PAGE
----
What’s more all-American than Cheerios? How about a wrenching national conversation on race? In recent days, a new commercial for the iconic cereal has become a phenomenon — not because it was an especially good ad, but because it featured a black dad, a white mom and their biracial daughter. On the ad’s YouTube page, anonymous haters spewed so much bile against the image of mixed-race domesticity that the comments section had to be disabled.
The racist comments were far outnumbered by expressions of support. The ad, which has been viewed over 1.8 million times, garnered 24,000 thumbs-ups to just over 1,500 thumbs-downs. But the intensity and vitriol of the race baiters got the media’s attention. The subtext of the coverage has been not just outrage but shock: America is supposed to be past this kind of racism — what just happened?
There are three lessons to draw from this fevered moment. The first is that this kind of racism is precisely what happens when a society begins moving past this kind of racism. Had it not been for the election to the presidency of a biracial man who chooses to identify as black, the Cheerios ad would likely not have been as fiercely attacked or defended. But we do have such a man in the White House. We do live in a time when whiteness and white maleness in particular no longer confer automatic primacy. To angry whites who resent the multicolored future for leaving them behind, lashing out at a mixed-race kid who likes Cheerios might seem like an act of defiant political incorrectness — but it’s the epitome of powerlessness.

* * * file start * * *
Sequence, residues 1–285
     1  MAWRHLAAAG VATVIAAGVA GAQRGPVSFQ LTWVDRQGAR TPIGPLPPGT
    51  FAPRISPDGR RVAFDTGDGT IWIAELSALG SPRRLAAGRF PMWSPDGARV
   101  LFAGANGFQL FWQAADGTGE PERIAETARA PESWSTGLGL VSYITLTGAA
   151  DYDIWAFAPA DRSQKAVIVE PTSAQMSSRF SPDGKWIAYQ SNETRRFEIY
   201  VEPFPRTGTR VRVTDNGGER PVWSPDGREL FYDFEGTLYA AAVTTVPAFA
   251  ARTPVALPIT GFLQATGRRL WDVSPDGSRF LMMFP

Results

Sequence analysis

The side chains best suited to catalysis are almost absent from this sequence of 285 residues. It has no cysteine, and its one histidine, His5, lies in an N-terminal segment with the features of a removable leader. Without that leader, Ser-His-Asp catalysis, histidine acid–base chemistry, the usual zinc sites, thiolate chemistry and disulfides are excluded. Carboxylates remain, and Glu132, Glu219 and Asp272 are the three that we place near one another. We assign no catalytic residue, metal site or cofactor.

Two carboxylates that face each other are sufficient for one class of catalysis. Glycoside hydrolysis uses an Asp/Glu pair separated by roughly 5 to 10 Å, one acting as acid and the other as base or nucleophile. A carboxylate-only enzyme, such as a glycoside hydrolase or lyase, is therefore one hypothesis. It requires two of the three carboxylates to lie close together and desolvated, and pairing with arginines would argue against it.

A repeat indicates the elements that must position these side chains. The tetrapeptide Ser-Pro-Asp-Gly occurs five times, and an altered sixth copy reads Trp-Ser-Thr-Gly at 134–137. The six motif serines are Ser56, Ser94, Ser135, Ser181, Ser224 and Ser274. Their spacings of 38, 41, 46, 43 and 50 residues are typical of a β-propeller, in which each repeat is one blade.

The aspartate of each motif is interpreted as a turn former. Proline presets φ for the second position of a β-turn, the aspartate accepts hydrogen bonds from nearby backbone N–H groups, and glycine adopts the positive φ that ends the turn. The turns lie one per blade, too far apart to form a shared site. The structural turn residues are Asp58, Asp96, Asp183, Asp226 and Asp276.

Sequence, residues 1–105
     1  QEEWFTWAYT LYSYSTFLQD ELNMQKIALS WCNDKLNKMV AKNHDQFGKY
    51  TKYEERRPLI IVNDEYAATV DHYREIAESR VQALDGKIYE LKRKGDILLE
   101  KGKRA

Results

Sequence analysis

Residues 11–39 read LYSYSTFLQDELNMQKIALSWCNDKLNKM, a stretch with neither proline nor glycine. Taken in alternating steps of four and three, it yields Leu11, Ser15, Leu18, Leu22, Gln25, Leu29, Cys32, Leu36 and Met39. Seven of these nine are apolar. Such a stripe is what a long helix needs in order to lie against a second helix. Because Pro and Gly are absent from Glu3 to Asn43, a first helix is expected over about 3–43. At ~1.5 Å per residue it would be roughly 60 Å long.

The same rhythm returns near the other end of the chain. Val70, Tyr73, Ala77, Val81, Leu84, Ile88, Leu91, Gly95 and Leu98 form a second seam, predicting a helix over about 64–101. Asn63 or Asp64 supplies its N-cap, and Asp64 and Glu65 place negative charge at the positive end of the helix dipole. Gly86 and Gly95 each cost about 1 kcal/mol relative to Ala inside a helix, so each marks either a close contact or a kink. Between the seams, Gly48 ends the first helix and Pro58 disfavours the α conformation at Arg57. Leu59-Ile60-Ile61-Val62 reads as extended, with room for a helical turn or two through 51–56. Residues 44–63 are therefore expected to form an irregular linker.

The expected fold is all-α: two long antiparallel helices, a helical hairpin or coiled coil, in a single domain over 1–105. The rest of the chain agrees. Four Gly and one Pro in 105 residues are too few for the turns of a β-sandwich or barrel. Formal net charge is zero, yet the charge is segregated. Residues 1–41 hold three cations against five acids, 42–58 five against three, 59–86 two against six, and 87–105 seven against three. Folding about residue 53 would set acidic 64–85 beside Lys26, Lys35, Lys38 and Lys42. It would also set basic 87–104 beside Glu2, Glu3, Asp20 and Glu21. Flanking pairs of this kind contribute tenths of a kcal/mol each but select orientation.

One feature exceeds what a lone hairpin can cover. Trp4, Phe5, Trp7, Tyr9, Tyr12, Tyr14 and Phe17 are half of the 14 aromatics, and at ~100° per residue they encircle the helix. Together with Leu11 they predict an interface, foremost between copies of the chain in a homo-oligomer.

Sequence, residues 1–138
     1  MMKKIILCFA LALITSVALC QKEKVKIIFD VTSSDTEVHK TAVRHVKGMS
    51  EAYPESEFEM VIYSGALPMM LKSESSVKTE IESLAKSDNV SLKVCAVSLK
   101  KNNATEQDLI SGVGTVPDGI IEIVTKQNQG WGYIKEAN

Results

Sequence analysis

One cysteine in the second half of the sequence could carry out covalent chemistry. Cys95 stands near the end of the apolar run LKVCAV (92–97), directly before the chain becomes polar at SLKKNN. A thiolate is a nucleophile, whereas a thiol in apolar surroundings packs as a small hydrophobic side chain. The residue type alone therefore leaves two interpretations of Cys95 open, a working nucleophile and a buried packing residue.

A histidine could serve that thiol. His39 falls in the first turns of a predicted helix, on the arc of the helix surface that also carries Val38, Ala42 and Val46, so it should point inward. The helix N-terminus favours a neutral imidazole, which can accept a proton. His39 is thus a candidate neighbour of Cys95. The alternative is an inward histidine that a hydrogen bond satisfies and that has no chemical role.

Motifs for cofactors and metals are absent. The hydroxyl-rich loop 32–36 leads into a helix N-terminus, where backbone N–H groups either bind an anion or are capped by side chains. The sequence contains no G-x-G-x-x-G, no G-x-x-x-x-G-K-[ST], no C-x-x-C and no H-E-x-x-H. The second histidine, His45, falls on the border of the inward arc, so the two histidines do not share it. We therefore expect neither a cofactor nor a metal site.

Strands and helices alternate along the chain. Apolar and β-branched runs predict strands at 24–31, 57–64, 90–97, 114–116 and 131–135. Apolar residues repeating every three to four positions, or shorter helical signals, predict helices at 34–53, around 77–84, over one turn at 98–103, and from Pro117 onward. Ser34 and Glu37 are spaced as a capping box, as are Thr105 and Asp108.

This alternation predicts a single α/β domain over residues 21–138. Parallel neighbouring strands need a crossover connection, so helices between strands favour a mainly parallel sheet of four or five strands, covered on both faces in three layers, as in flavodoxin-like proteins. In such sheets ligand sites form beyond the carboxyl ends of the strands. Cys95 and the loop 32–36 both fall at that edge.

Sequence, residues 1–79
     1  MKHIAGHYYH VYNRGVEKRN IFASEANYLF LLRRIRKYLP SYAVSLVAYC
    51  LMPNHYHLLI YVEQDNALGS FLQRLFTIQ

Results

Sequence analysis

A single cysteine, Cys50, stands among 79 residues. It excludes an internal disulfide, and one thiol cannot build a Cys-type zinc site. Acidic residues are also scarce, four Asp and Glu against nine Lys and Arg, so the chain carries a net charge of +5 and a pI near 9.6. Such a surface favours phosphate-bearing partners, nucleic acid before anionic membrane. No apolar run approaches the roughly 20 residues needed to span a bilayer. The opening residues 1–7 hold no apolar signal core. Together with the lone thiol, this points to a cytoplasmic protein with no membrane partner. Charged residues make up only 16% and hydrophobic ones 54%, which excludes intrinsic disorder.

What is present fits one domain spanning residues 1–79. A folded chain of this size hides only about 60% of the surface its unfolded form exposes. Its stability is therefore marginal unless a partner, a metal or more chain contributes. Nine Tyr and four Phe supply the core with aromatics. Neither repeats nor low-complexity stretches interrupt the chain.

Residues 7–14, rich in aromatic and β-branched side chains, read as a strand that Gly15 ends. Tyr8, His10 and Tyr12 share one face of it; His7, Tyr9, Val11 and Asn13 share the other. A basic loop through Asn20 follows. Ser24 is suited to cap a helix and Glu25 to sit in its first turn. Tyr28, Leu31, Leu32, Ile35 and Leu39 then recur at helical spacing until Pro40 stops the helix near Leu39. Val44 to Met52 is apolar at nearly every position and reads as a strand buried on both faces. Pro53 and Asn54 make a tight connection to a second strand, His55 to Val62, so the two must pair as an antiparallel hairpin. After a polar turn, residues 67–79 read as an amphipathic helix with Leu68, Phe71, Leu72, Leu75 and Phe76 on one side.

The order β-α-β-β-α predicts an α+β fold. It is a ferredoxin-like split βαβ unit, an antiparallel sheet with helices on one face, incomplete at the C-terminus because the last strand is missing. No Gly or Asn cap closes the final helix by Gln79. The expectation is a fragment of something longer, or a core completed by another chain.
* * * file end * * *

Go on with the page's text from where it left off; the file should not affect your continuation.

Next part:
The second lesson is that pseudo-controversies often matter not for the “news” or “facts” they purport to convey but for their value as community parables and tales of moral instruction. Why did the media turn this tempest in a cereal bowl into a national phenomenon? Not because every household was already discussing the ad — most of us learned about it only through well-publicized reactions to it — but because this is the kind of thing that (mainly white) news editors and television producers believe that we, as Americans, should collectively disapprove of. And contrived as it all is, this too represents progress.
The deepest lesson is that race is getting too complex for racists and more complex than even the well-meaning sometimes realize. Bi-racial even seems too simple. Interracial marriages are at an all-time high, and over 9 million people in the 2010 Census identified as multiracial, a 32% jump. There are words these Americans use for themselves — blasian, hapa, mestizo — yet our public language is clumsy and deficient. My daughter is Chinese-Scotch-Irish-Lithuanian-Jewish. She calls herself Asian, with a touch of irony.
Depending on your vantage point, this age of racial flux is either exhilarating or terrifying. The boxes and labels we’ve used to contain race are collapsing. Our inherited and often unspoken notions about the U.S.’s fundamental whiteness, about the alienness of brown and yellow skin, about the indelible stigma of blackness — all are falling away, their adherents dying off. To be sure, we are not beyond race in the U.S. A glance at how power flows in any institution still reminds us that race matters, and darkness disadvantages. But kids like my daughter or the one in the Cheerios ad or the millions celebrating the ad are proof that a more fluid and customizable way of talking about race and cultural identity is going to emerge. Is my daughter Asian or white? Yes. Chinese or Asian? Yes. Lithuanian or Scotch-Irish? Yes. Chinese or Jewish? Yes. American? Yes. Definitely.